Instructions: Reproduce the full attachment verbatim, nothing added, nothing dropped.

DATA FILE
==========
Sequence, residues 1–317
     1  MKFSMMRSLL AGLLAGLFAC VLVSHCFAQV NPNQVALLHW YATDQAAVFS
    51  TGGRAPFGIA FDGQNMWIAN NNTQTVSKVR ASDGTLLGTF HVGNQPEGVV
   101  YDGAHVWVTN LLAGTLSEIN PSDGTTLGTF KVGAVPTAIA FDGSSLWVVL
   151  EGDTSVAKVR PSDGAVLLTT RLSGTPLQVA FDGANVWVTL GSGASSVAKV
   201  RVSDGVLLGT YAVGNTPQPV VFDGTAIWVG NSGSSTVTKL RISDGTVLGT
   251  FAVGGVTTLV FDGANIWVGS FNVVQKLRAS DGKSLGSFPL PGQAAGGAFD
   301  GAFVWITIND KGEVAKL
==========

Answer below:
Sequence, residues 1–317
     1  MKFSMMRSLL AGLLAGLFAC VLVSHCFAQV NPNQVALLHW YATDQAAVFS
    51  TGGRAPFGIA FDGQNMWIAN NNTQTVSKVR ASDGTLLGTF HVGNQPEGVV
   101  YDGAHVWVTN LLAGTLSEIN PSDGTTLGTF KVGAVPTAIA FDGSSLWVVL
   151  EGDTSVAKVR PSDGAVLLTT RLSGTPLQVA FDGANVWVTL GSGASSVAKV
   201  RVSDGVLLGT YAVGNTPQPV VFDGTAIWVG NSGSSTVTKL RISDGTVLGT
   251  FAVGGVTTLV FDGANIWVGS FNVVQKLRAS DGKSLGSFPL PGQAAGGAFD
   301  GAFVWITIND KGEVAKL